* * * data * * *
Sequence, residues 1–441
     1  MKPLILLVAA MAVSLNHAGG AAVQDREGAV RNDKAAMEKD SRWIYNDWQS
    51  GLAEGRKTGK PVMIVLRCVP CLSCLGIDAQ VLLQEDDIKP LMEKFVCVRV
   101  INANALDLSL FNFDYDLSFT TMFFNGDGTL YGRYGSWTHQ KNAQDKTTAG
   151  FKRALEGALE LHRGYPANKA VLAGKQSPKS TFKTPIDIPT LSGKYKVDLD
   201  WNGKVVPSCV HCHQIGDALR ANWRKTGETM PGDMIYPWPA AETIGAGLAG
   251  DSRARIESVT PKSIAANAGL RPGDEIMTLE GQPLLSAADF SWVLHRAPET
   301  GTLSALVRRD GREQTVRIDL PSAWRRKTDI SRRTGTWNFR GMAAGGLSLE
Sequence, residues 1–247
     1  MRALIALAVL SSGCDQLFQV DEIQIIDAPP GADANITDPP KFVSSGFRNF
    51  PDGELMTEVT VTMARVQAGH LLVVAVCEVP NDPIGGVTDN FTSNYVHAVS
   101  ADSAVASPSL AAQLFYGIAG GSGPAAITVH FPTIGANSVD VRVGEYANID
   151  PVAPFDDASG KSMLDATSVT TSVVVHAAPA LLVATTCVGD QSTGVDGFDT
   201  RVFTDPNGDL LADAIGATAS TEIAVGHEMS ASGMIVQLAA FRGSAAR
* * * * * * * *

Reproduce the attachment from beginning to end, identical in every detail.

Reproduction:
Sequence, residues 1–441
     1  MKPLILLVAA MAVSLNHAGG AAVQDREGAV RNDKAAMEKD SRWIYNDWQS
    51  GLAEGRKTGK PVMIVLRCVP CLSCLGIDAQ VLLQEDDIKP LMEKFVCVRV
   101  INANALDLSL FNFDYDLSFT TMFFNGDGTL YGRYGSWTHQ KNAQDKTTAG
   151  FKRALEGALE LHRGYPANKA VLAGKQSPKS TFKTPIDIPT LSGKYKVDLD
   201  WNGKVVPSCV HCHQIGDALR ANWRKTGETM PGDMIYPWPA AETIGAGLAG
   251  DSRARIESVT PKSIAANAGL RPGDEIMTLE GQPLLSAADF SWVLHRAPET
   301  GTLSALVRRD GREQTVRIDL PSAWRRKTDI SRRTGTWNFR GMAAGGLSLE
Sequence, residues 1–247
     1  MRALIALAVL SSGCDQLFQV DEIQIIDAPP GADANITDPP KFVSSGFRNF
    51  PDGELMTEVT VTMARVQAGH LLVVAVCEVP NDPIGGVTDN FTSNYVHAVS
   101  ADSAVASPSL AAQLFYGIAG GSGPAAITVH FPTIGANSVD VRVGEYANID
   151  PVAPFDDASG KSMLDATSVT TSVVVHAAPA LLVATTCVGD QSTGVDGFDT
   201  RVFTDPNGDL LADAIGATAS TEIAVGHEMS ASGMIVQLAA FRGSAAR